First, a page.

Frank Collins was born in Toledo on May 3, 1870. Although he began his education at Old Erie School, he was unable to finish his studies because he was forced to find work when his father died. Frank took advantage of the local canal system and found employment collecting tolls from boats as they came out of the canals to dock at the foot of Madison Avenue. In his early years, Collins also acted as a "snare drummer" in torchlight parades and worked for the National Supply Company.
Frank finally found success in 1903 when he founded and served as the President of the Pipe Threading Machine Company. He was a member of the Merchants and Manufacturers Association and a liquidator of the old Commercial-Guardian Savings Bank and Trust Company. Frank was also identified with The Toledo Hospital. He served as chairman of the building board when the new structure was constructed near Ottawa Park. Collins later named Toledo Hospital as a beneficiary in his will. The hospital received approximately $2 million of his estimated $3,306,497 estate.The Collins family included Florence Fisk whom Collins married on February 11, 1896, as well as a half-brother and half-sister. Frank and Florence occupied the house that Florence had lived in since she was five years old. They used some of their wealth to buy and operate a pleasure yacht, the "Sultona," in the 1890's. After investing in Liberty Bonds the Collinss became involved in a confrontation with the government. The Collinss disagreed with the government's gold policy in 1935-36 and in association with Alton C. Dustin filed suit to test the constitutionality of that policy. They had hoped to force the government to redeem interest payments due on Liberty Bonds in gold, but their court case was unsuccessful when Federal Judge Paul Jones ruled against them.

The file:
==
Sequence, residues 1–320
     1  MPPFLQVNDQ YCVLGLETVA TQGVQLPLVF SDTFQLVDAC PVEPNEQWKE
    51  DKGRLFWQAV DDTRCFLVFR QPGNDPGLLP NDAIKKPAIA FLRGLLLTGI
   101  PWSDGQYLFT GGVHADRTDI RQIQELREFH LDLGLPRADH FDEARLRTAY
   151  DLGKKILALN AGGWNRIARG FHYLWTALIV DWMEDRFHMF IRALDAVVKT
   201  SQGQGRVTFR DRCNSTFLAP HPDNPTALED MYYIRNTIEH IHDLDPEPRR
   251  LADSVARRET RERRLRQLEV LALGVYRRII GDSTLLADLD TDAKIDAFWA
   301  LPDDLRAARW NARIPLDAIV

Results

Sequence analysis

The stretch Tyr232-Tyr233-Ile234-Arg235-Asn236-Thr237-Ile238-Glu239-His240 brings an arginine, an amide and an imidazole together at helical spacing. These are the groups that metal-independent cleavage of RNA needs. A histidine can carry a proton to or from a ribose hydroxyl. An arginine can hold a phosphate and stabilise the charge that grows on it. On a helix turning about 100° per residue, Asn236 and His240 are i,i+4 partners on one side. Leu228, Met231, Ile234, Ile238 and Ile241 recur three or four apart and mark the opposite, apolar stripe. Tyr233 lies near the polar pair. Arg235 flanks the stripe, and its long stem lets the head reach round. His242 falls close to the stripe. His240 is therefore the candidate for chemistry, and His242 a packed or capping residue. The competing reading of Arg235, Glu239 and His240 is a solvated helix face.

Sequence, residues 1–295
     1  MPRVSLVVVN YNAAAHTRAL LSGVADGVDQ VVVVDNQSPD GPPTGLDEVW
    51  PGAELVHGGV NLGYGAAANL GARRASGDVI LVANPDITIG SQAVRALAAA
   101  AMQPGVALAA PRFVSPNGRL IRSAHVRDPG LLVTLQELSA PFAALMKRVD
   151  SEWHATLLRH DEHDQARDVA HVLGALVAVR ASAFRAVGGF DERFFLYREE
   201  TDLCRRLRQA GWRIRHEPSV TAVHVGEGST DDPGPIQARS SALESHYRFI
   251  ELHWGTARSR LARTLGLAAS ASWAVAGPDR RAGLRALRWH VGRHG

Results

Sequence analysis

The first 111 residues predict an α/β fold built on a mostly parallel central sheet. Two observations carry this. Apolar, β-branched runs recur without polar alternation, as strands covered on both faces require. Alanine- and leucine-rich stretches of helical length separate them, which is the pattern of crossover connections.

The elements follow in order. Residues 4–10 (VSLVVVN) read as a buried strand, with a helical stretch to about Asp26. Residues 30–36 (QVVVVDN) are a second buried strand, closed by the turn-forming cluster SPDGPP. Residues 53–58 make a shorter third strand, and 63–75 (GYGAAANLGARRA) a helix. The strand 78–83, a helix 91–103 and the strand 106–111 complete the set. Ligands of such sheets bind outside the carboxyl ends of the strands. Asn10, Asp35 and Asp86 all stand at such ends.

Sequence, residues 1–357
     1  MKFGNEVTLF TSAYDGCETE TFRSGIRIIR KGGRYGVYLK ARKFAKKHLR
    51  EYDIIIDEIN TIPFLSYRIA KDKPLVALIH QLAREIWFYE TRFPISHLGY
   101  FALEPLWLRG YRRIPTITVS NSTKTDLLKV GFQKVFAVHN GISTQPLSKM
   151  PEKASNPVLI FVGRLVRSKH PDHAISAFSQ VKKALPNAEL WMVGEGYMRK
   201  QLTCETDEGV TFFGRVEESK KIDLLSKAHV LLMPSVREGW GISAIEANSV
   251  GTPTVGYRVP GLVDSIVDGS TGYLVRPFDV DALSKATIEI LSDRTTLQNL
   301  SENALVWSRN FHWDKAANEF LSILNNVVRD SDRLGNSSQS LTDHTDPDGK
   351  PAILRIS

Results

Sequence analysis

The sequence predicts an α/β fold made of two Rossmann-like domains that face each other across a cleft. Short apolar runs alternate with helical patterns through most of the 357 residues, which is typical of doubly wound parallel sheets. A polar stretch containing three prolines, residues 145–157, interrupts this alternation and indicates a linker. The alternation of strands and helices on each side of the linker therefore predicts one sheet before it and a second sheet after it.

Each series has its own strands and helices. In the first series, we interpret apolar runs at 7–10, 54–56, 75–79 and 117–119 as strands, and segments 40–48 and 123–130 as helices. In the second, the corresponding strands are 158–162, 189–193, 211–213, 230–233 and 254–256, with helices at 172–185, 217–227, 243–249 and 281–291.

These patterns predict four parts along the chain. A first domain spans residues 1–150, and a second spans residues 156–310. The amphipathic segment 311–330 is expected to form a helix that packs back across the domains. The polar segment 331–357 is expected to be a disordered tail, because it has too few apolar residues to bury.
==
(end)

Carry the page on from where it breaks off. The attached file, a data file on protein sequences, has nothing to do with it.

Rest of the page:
Florence was born on January 4, 1872 and from her youth was actively involved in charitable work. She was a member of the Collingwood Avenue Presbyterian Church and led a fundraising drive for $110,000 which was to provide for a new church. During the Depression Florence and a number of friends organized the Child Benefit Association which supplied Toledo's needy school children with clothing. It was run from her basement which was converted into a large sewing room. The program was eventually taken over by the Board of Education.
She was a devoted worker for the Red Cross. When World War I came, Florence and Mrs. Sinclair Walbridge were in charge of Toledo's Red Cross headquarters. Almost twenty years after the war she was again active in local affairs by helping the victims of a flood on the Ohio River.
Frank Collins, a long time cancer sufferer, died in February, 1938 and is buried at Historic Woodlawn Cemetery. Florence Collins lived another ten weeks after Frank died. On April 23, 1938, Florence Collins died in her childhood home at the age of 66.[Toledo Biography Scrapbook (cola-colw), Local History Collection, Toledo/Lucas County Public Library. Toledo Times, 13 February 1938. News Bee, 12 February 1938 and 18 February 1938.]
The Collins family mausoleum
(Photography of Woodlawn Cemetery by Josef Schneider.)